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This week’s editors

“Francesc”

Francesc Badia i Dalmases is Editor and Director of democraciaAbierta.

Constitutional conventions: best practice

How communication technology became a tool of repression: the case of the UAE

With the help of international ‘cyber security dealers’, the internet has been transformed into a central component of authoritarian control.

Hyper-security, video-surveillance and borders: an interview with Catarina Frois

What types of democratic control of movement should we be fighting for?

Beyond powerlessness

If we want to escape from our situation of powerlessness and anxiety, we must re-examine our relationship to the political, and strive to produce new types of political practice. Français.

Defending human rights in a digital age (II)

Are our rights online under threat by our own governments? What real and imagined dangers face citizens at the online-offline nexus? Watch the wide-ranging panel discussion which launched openDemocracy's new 2016 partnership, 'Human rights and the internet'.

Facebook’s dominance deepens

Two recent Facebook initiatives, “Instant Articles” and “internet.org” are set to entrench the firm’s dominance. Is this a moral monopoly in the making?

1984 revisited

As a Lib Dem MP, I discovered just how close Britain is to Orwell's dystopian vision, where the state has incredible powers to monitor everything we do. 

In new gods do we trust?

Do you expect the machine to solve the problems? In this wide-ranging interview with the Director of the Open Rights Group we discuss bulk collection, state bureaucracies, the pre-crime era and trust.

Digital citizenship: from liberal privilege to democratic emancipation

On the anniversary of the Magna Carta, a call for a new debate on the conception of citizenship. Let’s seize the opportunity to transform our utopian dreams into everyday life.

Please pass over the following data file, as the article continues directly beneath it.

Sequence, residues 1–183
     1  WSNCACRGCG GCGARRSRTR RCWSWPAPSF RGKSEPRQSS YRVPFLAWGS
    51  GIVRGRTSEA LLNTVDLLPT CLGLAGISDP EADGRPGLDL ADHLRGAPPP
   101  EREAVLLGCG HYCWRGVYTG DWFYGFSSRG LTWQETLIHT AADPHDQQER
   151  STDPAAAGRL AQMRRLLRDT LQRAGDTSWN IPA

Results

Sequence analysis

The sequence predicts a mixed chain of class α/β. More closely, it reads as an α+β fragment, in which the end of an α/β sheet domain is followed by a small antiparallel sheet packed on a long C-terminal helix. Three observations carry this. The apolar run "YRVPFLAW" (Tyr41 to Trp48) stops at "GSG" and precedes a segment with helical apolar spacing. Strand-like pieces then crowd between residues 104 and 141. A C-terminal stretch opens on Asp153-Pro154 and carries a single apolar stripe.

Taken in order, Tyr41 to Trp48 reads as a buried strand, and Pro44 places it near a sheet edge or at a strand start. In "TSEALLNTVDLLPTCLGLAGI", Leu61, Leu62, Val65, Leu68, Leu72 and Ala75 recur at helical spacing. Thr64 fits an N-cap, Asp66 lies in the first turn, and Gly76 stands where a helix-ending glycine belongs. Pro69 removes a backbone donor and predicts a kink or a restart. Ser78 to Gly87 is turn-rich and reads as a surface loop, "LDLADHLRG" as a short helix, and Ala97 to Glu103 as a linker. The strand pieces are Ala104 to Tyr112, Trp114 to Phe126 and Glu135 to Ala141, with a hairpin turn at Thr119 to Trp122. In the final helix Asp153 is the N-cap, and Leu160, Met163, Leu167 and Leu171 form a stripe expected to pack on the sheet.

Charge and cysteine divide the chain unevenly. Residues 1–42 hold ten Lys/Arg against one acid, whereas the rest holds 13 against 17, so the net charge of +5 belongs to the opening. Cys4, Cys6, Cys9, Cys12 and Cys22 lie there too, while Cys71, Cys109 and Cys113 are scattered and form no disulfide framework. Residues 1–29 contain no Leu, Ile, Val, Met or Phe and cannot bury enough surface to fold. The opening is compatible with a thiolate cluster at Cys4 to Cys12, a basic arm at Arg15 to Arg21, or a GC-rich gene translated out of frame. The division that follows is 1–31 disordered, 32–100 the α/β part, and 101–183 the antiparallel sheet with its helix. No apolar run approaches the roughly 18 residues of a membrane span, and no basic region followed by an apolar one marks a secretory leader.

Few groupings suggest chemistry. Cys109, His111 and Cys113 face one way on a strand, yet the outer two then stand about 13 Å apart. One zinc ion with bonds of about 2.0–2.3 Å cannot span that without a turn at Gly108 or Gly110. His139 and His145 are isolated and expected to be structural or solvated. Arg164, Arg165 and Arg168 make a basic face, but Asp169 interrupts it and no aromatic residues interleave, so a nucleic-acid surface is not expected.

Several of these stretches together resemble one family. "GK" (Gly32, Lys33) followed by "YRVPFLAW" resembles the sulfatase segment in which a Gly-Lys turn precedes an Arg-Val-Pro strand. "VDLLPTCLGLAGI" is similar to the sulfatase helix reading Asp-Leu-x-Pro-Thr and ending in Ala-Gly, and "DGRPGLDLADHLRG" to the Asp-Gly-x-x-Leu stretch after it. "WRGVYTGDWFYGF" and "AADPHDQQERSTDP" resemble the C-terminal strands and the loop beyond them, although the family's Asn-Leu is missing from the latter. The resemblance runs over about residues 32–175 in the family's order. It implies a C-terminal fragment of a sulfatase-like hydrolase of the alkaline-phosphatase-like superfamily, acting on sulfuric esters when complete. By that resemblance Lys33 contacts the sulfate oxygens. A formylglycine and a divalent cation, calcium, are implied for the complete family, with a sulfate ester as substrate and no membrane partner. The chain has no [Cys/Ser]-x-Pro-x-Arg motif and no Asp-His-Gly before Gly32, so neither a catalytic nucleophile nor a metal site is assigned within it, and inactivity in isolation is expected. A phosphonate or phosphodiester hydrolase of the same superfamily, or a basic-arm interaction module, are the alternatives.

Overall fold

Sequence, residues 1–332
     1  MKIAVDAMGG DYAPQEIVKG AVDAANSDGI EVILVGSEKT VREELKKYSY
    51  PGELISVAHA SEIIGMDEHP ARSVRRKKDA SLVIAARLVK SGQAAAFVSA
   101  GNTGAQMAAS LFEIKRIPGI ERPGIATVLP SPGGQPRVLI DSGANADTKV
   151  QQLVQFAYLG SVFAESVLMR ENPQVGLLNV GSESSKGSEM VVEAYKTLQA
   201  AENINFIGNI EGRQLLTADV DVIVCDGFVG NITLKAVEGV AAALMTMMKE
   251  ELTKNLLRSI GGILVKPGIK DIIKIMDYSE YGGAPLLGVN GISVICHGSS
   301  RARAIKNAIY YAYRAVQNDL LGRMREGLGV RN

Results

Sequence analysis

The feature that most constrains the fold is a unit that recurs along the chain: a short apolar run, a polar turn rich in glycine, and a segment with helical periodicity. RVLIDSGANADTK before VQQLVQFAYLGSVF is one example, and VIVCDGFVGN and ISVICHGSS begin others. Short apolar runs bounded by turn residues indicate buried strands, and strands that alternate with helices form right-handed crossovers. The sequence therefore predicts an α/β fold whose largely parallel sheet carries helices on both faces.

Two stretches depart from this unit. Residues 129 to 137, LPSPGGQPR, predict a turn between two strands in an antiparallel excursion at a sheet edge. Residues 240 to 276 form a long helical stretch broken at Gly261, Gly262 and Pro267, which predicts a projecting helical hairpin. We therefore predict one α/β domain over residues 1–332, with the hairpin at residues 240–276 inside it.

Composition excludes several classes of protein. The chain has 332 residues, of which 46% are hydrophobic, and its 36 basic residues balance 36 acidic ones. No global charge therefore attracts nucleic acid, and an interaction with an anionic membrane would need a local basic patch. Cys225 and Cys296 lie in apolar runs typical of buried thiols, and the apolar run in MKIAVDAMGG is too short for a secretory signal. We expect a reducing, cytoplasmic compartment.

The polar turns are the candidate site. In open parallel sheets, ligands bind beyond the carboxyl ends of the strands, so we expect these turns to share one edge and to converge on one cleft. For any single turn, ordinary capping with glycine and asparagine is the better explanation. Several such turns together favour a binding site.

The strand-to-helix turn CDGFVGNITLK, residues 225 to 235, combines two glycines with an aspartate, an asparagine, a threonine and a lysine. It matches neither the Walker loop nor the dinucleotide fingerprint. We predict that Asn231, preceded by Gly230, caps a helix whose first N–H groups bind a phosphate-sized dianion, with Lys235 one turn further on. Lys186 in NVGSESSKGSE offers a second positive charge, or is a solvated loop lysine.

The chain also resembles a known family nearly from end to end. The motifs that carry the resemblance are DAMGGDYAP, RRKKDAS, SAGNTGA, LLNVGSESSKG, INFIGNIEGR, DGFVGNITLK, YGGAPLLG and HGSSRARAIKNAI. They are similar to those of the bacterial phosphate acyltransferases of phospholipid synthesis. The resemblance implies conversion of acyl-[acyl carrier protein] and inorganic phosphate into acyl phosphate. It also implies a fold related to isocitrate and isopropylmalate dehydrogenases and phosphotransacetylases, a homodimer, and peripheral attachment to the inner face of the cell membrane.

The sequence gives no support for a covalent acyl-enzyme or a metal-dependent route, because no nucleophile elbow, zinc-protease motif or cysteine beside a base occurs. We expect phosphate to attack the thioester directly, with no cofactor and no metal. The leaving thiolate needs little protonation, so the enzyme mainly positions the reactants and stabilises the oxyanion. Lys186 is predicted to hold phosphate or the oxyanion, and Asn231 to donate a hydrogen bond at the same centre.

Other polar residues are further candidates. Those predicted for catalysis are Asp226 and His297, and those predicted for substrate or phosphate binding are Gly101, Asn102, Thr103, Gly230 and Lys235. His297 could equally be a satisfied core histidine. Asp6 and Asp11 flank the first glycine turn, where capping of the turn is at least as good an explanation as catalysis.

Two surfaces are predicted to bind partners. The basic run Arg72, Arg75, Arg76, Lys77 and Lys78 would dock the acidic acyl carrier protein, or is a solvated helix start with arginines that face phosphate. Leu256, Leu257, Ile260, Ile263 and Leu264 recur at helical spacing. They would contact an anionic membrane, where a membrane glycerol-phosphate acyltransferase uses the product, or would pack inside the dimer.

Scope-creep in Denmark

It takes vigilance to prevent the terrorist attacks in Copenhagen from exacting not only the lives of two innocent people, but also the freedoms and human rights enjoyed by Danish citizens.

PODCAST: Defending human rights in a digital age

A panel discussion chaired by Marianne Franklin at Goldsmiths opens up the many human rights implications for the future of the internet as struggles over its ownership and control gather steam. (2 hours 1 minute).

Mass surveillance: wrong in practice as well as principle

The paradox of mass state surveillance, as the answer to non-state violence, is that it can overlook the intelligence targeted law enforcement finds and render critical infrastructures vulnerable—never mind threatening fundamental freedoms.

Will the democratic debate over counterrorism gain the edge in battle?

It is our role, as citizens, to scrutinise measures taken in the name of our security and ask, once and for all, for evidenced-based policies: there are no such things as depoliticised and neutral counter-terrorism strategies.

How generalised suspicion destroys society

Generalised suspicion is the ultimate destroyer of the social fabric: it thrives on betrayal, and fosters mutual distrust and demoralisation. And nowadays, it is impossible for anyone to be beyond suspicion.

Privacy, surveillance and the state-corporate symbiosis

The relationship between governments and private corporations is defined by symbiotic, complex interdependence. How can we ensure democratic control in these conditions?

Open protocols and open people: preserving the transformational potential of social media

People are the most valuable thing on the internet, so the power to connect, share and work together shouldn’t be curbed by companies who exploit us for monetary value while limiting the flow of information.

Challenging the era of mass surveillance

Protecting our fundamental rights against the destructive effect of mass surveillance is an essential task that should engage us all.

The UN privacy report: Five Eyes remains

Will Navi Pillay's defiant stand on privacy be the first step to dismantling the dubious legal frameworks propping up the Five Eyes intelligence-sharing arrangement? 

The digital freedom risk: too fragile an acknowledgment

At least at first, freedom dies without human beings being physically hurt. The author is convinced that the freedom risk is the most fragile among the global risks we have experienced so far. He calls for a digital humanism.

The (un)freedom of the networked

The web has a dual nature - it promotes some freedoms and endangers many others. Making the most of it will mean fighting for it (from the archive, 2008)

Liberty, Liberalism and Surveillance: a historic overview

One of Britain's most distinguished political theorists on republicanism, freedom, Machiavelli, Hobbes, the Reformation, Shakespeare, Milton and much more. Has modern society lost touch with Roman conceptions of freedom, and at what cost?

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